AutoLink 2 & Distance Measuring
Counters & Classifiers
Pedestrian Detection
About AutoLink

Safely plug-in the AutoLink - II in seconds!  No cutting into vehicle cables required.

Since 2008, the AutoLink has been the product of choice for connecting to your (DMI) Distance Measuring Instrument.

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OBD Technology

Here is a little background on OBD technology. The OBD-II system is the present culmination of the pollution control efforts of the California Air Resources Board (CARB) and the Environmental Protection Agency (EPA). The primary purpose of OBD is to electronically monitor your car's engine and fuel system to make sure that it's running as efficiently as possible. This, in effect, cuts down on harmful auto emissions. If anything monitored by OBD malfunctions, resulting in decreased efficiency, then the Check Engine light, or Malfunction Indicator Light (MIL), on your dashboard is illuminated. 

There are many engine components monitored by OBD, so your MIL could come on for many different reasons (some are merely temporary glitches, while others could render your car immobile). With an OBD scan tool, anyone (not just mechanics) can ascertain why the MIL has been turned on. Several companies have developed scan tools for this purpose. There are self-contained instruments that typically are expensive and others that interface to laptops or PDAs. OBD2LT and OBD2PDA support an OBD scan tool manufactured by Harrison R&D in Texas (shown here). We have found it to be very reliable, rugged, and cost effective.


User Experience

“We have been using DMIs for years and recently it’s been very difficult to connect to our vehicle speed sensor cables. Now with the Auto Link we no longer have the costs or the aggravation of splicing into cables under our trucks. We surveyed 1700 miles during our tests and were very pleased. The Auto Link is a great product.”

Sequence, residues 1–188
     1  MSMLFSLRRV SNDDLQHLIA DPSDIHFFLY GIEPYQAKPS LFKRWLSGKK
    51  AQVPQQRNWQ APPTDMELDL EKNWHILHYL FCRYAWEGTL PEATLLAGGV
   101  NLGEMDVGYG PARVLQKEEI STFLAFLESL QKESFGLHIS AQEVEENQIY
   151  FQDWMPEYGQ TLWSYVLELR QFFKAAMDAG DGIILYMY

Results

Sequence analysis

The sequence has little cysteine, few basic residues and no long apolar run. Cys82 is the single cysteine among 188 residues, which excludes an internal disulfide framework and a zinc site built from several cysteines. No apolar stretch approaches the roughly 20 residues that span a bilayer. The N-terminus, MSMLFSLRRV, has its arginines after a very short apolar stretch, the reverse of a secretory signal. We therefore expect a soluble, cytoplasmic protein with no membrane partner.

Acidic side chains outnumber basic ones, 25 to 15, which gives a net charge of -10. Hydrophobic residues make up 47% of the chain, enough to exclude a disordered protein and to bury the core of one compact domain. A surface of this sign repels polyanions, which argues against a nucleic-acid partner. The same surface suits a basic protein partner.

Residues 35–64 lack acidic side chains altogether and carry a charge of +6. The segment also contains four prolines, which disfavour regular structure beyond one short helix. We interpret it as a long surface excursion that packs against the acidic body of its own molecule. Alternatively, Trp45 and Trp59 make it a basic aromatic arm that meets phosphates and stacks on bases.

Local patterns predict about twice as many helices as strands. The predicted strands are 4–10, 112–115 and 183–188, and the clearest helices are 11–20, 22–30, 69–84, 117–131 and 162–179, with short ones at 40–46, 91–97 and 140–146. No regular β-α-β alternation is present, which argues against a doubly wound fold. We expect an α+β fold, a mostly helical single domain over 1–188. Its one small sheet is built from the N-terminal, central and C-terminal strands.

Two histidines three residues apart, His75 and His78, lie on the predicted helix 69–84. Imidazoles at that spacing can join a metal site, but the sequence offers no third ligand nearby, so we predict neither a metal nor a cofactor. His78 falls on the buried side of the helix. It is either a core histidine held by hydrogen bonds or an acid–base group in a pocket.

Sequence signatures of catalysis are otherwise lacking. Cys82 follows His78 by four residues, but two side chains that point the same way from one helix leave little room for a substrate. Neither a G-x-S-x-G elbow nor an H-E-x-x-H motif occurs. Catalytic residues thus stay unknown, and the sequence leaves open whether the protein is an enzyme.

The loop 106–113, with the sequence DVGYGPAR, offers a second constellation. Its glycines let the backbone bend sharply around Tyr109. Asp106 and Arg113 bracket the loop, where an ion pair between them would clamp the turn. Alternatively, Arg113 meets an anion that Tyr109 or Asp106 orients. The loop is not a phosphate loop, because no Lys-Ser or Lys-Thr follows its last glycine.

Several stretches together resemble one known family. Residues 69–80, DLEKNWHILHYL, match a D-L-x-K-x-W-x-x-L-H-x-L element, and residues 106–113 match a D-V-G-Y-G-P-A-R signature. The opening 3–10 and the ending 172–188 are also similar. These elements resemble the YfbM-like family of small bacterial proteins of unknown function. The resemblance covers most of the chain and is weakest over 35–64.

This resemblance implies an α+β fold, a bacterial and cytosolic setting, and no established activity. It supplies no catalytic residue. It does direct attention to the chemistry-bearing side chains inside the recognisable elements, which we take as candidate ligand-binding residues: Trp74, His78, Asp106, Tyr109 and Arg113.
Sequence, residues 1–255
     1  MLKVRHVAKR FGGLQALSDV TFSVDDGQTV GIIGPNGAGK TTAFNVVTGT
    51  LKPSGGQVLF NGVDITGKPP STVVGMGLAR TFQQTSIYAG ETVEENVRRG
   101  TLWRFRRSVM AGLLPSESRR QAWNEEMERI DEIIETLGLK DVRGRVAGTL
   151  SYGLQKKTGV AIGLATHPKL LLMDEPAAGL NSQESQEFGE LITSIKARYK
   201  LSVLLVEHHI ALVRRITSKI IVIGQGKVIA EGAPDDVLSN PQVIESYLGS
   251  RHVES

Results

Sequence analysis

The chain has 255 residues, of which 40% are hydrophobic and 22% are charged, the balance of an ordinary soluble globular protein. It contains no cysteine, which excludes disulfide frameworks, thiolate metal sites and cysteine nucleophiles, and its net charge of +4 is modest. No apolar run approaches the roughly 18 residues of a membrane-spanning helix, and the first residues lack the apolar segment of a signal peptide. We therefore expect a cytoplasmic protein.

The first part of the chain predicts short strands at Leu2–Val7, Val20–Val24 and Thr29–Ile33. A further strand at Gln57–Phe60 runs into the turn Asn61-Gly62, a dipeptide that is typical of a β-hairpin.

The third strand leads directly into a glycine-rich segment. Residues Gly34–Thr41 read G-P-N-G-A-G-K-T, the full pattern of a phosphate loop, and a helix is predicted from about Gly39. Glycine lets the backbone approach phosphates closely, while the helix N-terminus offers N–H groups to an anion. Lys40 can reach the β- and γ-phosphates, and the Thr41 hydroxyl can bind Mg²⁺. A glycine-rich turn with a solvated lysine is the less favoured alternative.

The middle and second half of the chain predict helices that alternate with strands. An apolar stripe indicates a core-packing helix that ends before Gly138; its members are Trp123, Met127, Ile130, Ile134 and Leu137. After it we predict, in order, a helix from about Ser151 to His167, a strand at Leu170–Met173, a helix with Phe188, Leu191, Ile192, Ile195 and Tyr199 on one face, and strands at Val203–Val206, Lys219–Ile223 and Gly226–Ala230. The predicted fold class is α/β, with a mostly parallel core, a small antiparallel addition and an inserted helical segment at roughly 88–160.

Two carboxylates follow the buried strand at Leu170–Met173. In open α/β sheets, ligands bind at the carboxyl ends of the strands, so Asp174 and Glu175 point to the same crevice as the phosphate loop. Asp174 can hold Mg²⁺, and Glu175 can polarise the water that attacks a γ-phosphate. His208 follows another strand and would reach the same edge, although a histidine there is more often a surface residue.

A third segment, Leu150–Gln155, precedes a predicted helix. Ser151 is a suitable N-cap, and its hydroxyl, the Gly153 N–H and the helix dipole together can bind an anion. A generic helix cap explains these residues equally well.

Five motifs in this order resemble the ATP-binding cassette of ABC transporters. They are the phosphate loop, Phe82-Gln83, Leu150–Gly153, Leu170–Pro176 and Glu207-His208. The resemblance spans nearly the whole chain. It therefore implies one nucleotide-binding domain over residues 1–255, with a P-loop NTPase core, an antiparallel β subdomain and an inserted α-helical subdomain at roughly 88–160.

“ We’ve had a lot of problems installing our DMIs in new vehicles. Our truck dealership advised us that we would have warranty issues with the new vehicles if we spliced into cables on this new fleet. Also if we were to connect to the ABS braking system the warranty would be voided and there may be a liability issue should we have an accident. The Auto Link solved all these problems.  Now we’re using about 15 Auto Link modules.”

“Every year we hire students for doing road surveys and we have to have 3 or 4 temporary installations done in different vehicles. In the last 4 years we’ve had nothing but installation problems connecting into vehicle speed and power cables. In some cases we’ve had to have them done 2 or 3 times. This is very costly and time consuming. Now we use only the Auto Link modules and these are great for us.”


Sample Test Graphs

Distance Measurements: AutoLink (OBD) vs Standard DMI (MDS)

Speed Measurements: AutoLink (OBD) vs Standard DMI (MDS)

These are two typical graphs we get when we test the AutoLink in a vehicle with a calibrated DMI sensor. A Modular Distance Sensor (MDS) is installed in a vehicle and the sensor is carefully calibrated. An AutoLink is also connected in the same vehicle to another DMI. The outputs of the two DMIs are read by software we wrote running on a laptop. The software stores the distance and speed as measured by each system each second and then plots the data on two graphs. In this test the vehicle followed a fairly typical route that required several stops.

The top graph shows the accumulated distance as recorded by the two systems. It isn’t immediately obvious from this graph but there are two lines plotted. The second graph is similar, but shows the variations in the speed of the vehicle. You can see that the two graphs show that the AutoLink data tracks the MDS data almost perfectly. At this scale you really can’t see any error. (We will have more, comprehensive testing results available at a later date.)

Contact Us:
Phone: 705-789-2900  Toll Free: 1-877-278-8342  Fax: 705-789-8798  E-mail:

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